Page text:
3. Diagnostics & Assessment: This competence rests on the foundation of knowledge, skills, and professional attitudes in the areas of human development and psychopathology. The Diagnostics and Assessment competence requires an ability to acquire and synthesize multiple sources of data into a comprehensive, cohesive and clearly articulated communication form.
  4. Intervention: This competence requires students to demonstrate an ability to intervene with clients from an articulated theoretical perspective. Intervention is broadly defined to include a variety of activities that promote or sustain well-being or provide remedial or preventative services. Intervention populations are broadly defined (e.g. individuals, groups, couples, families, communities). Students demonstrate knowledge, skills and attitudes congruent with evidence-based practice rationales and can articulate them.
  5. Relationship & Communication: This competence requires a demonstration of interpersonal skills and effective written and oral communication. Ability to consult and collaborate with others, interdisciplinary teams and members of agencies and organizations is considered part of relationship skills. Evidence of ability to teach/present and manage at a developmentally appropriate level is also included. Supervisory ability (including the ability to be supervised) is part of this competence.

The MWU Clinical Psychology Program emphasizes a broad and general training in psychology.  MWU views psychologists as generalists in healthcare. Because we are housed in a medical school and healthcare environment, students have the opportunity to interact with many healthcare professionals. As part of this interdisciplinary approach, training in other related psychological activities is available to interested students, including medical psychology, rehabilitation psychology, neuropsychology, health psychology and behavioral medicine.


The Midwestern University Doctor of Psychology (Psy.D.) in Clinical Psychology Program is designed to educate and train students in the general practice of clinical psychology, serving a diverse population of persons in need of psychological services.

Estimated Cost of Attendance (2016-2017)


Information regarding financial aid at Midwestern University can be found at:



The Clinical Psychology Program is accredited by the American Psychological Association (APA).  Accreditation information can be obtained from the Commission on Accreditation of the American Psychological Association, 750 First Street NE; Washington, DC 20002-4242. Phone: 202/336-5979; TDD/TTY: 202/336-6123. Website:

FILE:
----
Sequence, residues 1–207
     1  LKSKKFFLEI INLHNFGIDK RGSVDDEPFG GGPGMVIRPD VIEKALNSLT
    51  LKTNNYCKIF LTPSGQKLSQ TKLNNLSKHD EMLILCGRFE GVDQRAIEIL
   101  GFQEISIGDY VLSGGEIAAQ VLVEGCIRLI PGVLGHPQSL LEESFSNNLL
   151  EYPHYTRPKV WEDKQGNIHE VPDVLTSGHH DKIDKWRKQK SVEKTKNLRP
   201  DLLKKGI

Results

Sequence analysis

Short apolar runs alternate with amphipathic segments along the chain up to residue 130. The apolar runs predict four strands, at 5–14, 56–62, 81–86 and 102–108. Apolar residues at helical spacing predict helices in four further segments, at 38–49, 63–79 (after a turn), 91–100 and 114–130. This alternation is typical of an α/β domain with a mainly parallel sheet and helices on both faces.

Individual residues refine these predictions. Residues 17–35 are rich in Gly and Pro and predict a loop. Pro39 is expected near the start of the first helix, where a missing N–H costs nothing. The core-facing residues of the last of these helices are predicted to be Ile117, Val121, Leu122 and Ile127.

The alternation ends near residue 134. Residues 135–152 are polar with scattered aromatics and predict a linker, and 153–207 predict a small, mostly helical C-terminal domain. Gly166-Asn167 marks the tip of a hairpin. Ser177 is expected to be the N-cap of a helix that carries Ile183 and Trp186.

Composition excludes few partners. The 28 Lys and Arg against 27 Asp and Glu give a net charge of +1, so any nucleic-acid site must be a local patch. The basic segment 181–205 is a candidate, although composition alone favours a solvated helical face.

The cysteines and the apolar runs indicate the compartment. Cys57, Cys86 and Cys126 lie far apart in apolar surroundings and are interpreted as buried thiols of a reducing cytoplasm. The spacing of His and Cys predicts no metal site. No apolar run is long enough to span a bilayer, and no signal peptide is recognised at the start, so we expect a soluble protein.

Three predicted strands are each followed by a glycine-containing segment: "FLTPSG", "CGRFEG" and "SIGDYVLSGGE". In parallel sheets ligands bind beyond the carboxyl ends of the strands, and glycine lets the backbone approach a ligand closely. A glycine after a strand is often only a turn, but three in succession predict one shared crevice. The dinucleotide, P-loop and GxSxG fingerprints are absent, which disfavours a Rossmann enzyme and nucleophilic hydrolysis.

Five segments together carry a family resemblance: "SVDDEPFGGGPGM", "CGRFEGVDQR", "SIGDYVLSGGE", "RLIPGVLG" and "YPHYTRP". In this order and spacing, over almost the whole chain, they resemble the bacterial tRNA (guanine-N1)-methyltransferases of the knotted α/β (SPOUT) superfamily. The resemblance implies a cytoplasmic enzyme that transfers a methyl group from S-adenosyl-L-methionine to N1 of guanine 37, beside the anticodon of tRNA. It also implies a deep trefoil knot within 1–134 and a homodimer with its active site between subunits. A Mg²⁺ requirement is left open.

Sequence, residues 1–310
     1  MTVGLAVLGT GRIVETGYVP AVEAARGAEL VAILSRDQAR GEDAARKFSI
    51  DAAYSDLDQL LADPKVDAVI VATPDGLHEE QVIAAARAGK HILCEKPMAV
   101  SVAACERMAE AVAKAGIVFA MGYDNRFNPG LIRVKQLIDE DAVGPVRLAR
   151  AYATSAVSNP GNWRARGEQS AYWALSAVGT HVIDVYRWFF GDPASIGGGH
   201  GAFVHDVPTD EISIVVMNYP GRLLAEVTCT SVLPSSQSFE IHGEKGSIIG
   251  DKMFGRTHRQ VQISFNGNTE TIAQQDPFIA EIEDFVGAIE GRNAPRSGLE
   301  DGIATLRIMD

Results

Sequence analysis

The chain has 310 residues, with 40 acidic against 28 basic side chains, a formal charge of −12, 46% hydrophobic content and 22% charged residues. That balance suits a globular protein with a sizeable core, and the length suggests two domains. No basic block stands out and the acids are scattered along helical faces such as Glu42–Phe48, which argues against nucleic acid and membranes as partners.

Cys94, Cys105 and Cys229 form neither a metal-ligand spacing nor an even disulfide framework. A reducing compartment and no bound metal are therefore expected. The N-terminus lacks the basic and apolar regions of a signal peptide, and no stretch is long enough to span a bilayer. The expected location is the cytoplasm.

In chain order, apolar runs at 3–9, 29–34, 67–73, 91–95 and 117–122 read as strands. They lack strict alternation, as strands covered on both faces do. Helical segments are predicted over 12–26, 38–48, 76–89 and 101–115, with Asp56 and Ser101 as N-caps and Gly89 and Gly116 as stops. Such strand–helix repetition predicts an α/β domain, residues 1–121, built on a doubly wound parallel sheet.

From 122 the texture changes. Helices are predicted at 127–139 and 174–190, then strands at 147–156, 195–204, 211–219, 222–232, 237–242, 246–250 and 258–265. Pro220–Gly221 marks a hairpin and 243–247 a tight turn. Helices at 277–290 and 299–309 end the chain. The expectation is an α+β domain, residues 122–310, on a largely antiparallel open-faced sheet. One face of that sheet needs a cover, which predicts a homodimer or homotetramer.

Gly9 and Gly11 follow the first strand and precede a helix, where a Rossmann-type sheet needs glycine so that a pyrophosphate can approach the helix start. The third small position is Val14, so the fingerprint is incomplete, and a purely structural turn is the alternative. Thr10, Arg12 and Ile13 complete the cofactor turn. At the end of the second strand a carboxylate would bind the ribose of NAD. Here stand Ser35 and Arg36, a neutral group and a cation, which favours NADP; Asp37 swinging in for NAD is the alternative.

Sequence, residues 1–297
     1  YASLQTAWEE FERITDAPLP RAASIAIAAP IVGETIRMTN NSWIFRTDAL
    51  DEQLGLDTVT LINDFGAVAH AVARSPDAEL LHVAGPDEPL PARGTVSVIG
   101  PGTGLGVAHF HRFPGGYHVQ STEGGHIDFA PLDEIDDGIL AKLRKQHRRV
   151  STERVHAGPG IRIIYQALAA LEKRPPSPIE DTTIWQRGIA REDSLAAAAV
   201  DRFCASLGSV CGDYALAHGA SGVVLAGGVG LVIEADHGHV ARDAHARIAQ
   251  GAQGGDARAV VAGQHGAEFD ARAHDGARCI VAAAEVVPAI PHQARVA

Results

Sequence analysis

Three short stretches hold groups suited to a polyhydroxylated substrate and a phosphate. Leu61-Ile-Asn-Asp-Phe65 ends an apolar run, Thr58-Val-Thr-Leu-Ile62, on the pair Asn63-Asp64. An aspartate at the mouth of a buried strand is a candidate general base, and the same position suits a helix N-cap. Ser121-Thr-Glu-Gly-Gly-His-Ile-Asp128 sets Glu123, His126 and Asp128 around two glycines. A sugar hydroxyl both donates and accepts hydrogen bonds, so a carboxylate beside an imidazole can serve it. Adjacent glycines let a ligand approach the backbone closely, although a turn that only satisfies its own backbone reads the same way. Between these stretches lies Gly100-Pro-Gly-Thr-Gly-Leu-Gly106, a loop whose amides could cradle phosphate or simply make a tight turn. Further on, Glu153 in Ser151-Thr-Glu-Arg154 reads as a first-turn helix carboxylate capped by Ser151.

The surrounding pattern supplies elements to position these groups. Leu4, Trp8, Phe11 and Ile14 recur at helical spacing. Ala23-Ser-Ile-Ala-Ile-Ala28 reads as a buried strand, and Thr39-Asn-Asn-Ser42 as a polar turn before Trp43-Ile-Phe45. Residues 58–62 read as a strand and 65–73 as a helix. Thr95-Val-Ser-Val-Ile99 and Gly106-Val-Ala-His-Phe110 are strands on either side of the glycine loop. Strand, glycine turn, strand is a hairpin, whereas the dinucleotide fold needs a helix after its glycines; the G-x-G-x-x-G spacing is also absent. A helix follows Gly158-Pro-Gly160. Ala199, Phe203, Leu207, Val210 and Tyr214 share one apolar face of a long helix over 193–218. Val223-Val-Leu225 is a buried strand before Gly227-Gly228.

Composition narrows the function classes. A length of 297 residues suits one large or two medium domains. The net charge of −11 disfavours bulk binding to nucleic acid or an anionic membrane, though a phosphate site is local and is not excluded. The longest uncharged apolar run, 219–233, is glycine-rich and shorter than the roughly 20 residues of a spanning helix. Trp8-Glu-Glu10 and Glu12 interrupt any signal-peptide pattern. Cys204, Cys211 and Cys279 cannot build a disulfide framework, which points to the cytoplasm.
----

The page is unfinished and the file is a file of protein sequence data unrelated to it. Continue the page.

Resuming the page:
Midwestern University is accredited by The Higher Learning Commission, a Commission of the North Central Association of Colleges and Schools (HLC/NCA), 230 South LaSalle Street, Suite 7-500, Chicago, IL 60604-1413; 800/621-7440.

This program meets the "Guidelines for Defining 'Doctoral Degree in Psychology'" as implemented by the ASPPB/National Register Designation Project. Therefore, a graduate of this designated program who decides to apply for licensure as a psychologist typically will meet the jurisdictional educational requirements for licensing. However, individual circumstances vary, and, there are additional requirements that must be satisfied prior to being licensed as a psychologist. Please contact the state / provincial / territorial licensing board in the jurisdiction in which you plan to apply for exact information. Additional information including links to jurisdictions is available on the ASPPB's web site:

Once licensed, a graduate of a designated program is eligible to apply for credentialing as a Health Service Psychologist by the National Register of Health Service Psychologists. Graduation from a designated program typically ensures that the program completed meets the educational requirements for the National Register credential. However, individual circumstances vary, and, there are additional requirements that must be satisfied prior to being credentialed by the National Register of Health Service Psychologists and listed on the database. Doctoral students may apply to have their credentials banked and reviewed prior to licensure. For further information about the National Psychologist's Trainee Register and the National Register application process, consult the National Register's web site:

A job in a shoe store does not always translate to a career in podiatry, but for Barbara Adams podiatry is the perfect mix of passion and profession.

Danny Wu is a 2011 graduate from the Master of Arts in Biomedical Sciences Program in the College of Health Sciences, where he studied the basic medical sciences in preparation for dental career.

Hillary Carnell, D.O., is a 2012 graduate of the Arizona College of Osteopathic Medicine.

Heather Thoreson, Pharm.D., is a 2012 graduate of the College of Pharmacy-Glendale.

A family friend taught Jared Techau the value of patient-centric care and the allure of helping people through medicine.

Laura Sibrava, D.M.D., is a 2012 graduate of the College of Dental Medicine-Arizona.

Sam Funk studies basic science, optics, and visual science, and is learning to diagnose, treat, and manage dysfunction and disease of the eyes.